Community Research and Development Information Service - CORDIS

How plants cope with stress

The discovery of a gene that controls plants' responses to environmental stresses may help scientists create plants that can withstand drought and other challenging conditions.
How plants cope with stress
Plants respond to environmental stresses like drought or ultraviolet light by releasing oxygen-containing molecules called reactive oxygen species (ROS) into cells. While ROS are important for normal plant functions like photosynthesis, pathogen defence and growth, increased levels can damage DNA and cell structures, causing oxidative stress.

Scientists recently discovered a mutant version of a gene called ATR7 that protects plants from oxidative stress caused by chemicals such as ROS. To understand how ATR7 does this, scientists working on the EU-funded PLANTSURVIVOR (ATR7, a novel player of oxidative stress tolerance in plants: Interrogation of its mode of action through an integrative omics approach) project studied plants that either overproduced the ATR7 protein or produced none at all. They grew these plants under normal and oxidative stress conditions and then looked at how their genes, metabolites and biochemical pathways were altered.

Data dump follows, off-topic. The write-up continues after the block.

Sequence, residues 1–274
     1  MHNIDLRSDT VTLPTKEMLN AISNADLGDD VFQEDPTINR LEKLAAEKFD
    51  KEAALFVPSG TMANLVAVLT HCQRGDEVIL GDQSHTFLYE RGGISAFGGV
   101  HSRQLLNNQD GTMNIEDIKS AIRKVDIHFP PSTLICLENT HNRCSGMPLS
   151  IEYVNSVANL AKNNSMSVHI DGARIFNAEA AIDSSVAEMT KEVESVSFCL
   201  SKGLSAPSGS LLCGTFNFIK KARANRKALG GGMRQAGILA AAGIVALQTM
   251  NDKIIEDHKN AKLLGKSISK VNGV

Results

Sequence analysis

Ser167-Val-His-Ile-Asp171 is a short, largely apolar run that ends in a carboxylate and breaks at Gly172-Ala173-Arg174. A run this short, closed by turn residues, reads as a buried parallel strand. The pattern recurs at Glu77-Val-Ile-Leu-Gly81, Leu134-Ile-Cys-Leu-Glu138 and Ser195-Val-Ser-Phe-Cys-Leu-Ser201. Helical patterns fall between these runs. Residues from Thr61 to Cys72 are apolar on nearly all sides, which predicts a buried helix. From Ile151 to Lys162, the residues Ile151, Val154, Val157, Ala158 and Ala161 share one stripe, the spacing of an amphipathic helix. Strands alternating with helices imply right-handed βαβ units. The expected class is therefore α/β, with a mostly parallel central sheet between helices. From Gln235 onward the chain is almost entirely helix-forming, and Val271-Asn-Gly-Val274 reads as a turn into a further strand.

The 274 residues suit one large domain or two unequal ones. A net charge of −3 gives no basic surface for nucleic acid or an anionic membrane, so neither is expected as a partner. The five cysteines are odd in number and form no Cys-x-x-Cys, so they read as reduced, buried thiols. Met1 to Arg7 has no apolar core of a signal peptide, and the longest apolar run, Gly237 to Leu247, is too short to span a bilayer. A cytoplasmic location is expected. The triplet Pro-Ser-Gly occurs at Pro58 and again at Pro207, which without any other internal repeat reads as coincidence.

Researchers found that the plants overexpressing ATR7 had lots of proteins that control the response to oxidative stress. These plants were better able to tolerate drought than normal plants, and were less sensitive to toxic heavy metals and high temperatures.

By providing insight into cell responses to oxidative stress, PLANTSURVIVOR results are useful to plant breeders wanting to avoid yield losses during times of stress.

Related information


Plants, environmental stresses, reactive oxygen species, oxidative stress, ATR7, PLANTSURVIVOR
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